Message Board Thread - "10 µm by 10 µm spot - can it be measured or seen?"

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10 µm by 10 µm spot - can it be measured or seen? Andrew Szelc 6/8/2006
Hello,

Our company is considering a purchase of a high standard, fast frame rate (>200 Hz) imaging radiometer with a high quality close-up/microscopic objective lens. Our intention is to use such a set to observe and measure a thermal signature of a tiny temperature point made by a high power laser.

Please see the enclosed picture.

The red rectangular shape is the "hot point" - an area heated by the laser beam. The denisty of the input power (the impinging laser power) is between 1.04 and 3.12 Giga Watts per m^2. The laser wavelength is 830 nm. According to our FET simulation the temperature of the point reaches @ 1000 deg C. The surface emissivity is high (> 0.9) and the working distance between objective lens and the sufrace should be around 30 mm or less.

Since we will be measuring quite a hot target (>900 deg C), we intend to use a 3-5 µm or even NIR imaging radiometer. As for as we know, when dealing with high temperatures, short wave cameras are less susceptible to errors caused by wrong emissivity setting and also the NETD value is slightly lower for SW-TIs working in the higher temperature region.

We have already had one demo of a thermal imaging system from one of the european manufacturers. They brought a thermal imaging radiometer equipped with a standard close-up lens and we were trying to seize the spot. Unfortunately, despite our efforts, we were not able to find it (probably due to the fact that its dimensions were far below spacial resolution of the demonstrated system).

Our questions are as follows:

1. Will it be possible to see our 10 by 10 µm^2 "hot point" with a thermal imaging system that works in the region of short or mid-infrared (1 µm - 5 µm)? The target's dimensions are comparable to the wavelength we will be using...
2. ...so maybe in order to rise spacial resolution we should go down with the wavelength and simultaneously increase the diameter of the objective lens. But will it be enough? There are some commercially available, high frame rate thermal imaging systems (usually, InGaAS and InSb arrays based) that utilize short- and mid-infrared region. Some of them can be armed with 10 µm close-up lenses (Phoenix and Merlin from FLIR are good examples). Having such a camera, would it be possible to measure, or at least to see, the "hot point"?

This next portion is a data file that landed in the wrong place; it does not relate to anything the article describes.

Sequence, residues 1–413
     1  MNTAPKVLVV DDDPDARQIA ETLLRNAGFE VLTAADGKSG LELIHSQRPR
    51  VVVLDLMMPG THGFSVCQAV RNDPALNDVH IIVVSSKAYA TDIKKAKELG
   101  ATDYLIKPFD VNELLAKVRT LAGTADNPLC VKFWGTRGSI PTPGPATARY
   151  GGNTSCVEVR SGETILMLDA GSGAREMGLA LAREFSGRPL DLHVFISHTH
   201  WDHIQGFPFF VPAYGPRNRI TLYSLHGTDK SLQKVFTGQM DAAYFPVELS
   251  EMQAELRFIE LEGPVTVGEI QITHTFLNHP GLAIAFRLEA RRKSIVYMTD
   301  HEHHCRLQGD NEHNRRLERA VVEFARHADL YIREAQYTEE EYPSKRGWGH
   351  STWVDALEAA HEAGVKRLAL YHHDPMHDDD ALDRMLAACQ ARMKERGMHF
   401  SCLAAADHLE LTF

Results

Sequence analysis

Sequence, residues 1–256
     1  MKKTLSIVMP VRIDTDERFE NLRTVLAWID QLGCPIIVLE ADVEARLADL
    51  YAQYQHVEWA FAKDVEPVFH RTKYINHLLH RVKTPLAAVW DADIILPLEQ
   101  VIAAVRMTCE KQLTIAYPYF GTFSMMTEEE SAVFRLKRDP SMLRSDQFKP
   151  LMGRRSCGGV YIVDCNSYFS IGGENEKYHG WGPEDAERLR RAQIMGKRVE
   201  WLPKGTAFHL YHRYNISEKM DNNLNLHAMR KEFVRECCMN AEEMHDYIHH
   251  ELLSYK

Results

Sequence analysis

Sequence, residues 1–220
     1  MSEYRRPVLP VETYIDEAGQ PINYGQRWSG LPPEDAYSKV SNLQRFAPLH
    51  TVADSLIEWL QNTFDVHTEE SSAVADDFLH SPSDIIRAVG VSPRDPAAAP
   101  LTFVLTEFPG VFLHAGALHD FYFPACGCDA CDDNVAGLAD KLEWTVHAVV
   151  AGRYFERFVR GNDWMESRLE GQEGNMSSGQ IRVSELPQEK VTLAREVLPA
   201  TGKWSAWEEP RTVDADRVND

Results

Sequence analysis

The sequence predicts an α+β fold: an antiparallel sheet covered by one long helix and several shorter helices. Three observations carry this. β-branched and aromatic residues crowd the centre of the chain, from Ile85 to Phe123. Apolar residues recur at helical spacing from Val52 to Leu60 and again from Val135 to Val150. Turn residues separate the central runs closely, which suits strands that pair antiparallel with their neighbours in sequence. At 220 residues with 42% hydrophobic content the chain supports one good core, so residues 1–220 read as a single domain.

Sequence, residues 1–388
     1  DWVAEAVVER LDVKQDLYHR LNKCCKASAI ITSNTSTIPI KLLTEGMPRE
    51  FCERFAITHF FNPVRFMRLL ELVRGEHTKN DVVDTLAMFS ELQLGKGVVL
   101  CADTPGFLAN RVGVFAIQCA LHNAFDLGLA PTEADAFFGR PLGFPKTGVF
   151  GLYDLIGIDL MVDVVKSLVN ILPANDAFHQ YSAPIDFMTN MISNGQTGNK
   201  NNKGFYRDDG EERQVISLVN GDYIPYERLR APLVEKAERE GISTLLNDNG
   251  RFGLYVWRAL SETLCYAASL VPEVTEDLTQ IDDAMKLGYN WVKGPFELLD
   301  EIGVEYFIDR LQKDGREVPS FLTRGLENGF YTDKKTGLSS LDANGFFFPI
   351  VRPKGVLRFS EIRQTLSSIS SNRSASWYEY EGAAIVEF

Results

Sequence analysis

3. One of our R&D colleagues suggested that in order to achieve higher resolution per pixel we should use an array with a smaller pixel size. Well, we do not really know whether that is the right way and there are theral devices with pixels smaller than 30 µm by 30 µm. We could accept a smaller pixel and even at the expense of reducing the sensitivity.
4. The laser is aimed at the surface at a certain angle in order to decrease the influence of a reflected apparent temperature. Is there any spectral filter that could be installed on the camera to cut-off the laser beam radiation (830 nm)?
5. In your opinion, would it be possible to use NIR imaging radiometer combined with a standard, fine quality microscopic lens made of standard optical glass? Mr Austin Richards from IndygoSystems used a standard photographic objective lens in his Vis-NIR (InGaAS based) camera.

And that is all for now...

We will appreciate any info. Thank you in advance for all your comments.

Best regards,
Andrew Szelc, ITC-Level II, AGFA Gevaert N.V., Belgium
 
Re:10 µm by 10 µm spot - can it be measured or seen? Hay 9/30/2006
Beste Andrew,

I am wondering if you solved your problem, if not maybe I'm able to help you.

Regards,

Hai Theunissen
EN 473 niveau 3 thermograaf
THEOLT thermografie & techniek
Spoorstraat 155
6591 GT GENNEP
Netherlands
Tel. ++31 485 54 1293
Fax.++31 485 54 1575
E-mail. info@theolt.nl
Web. www.theolt.nl

 


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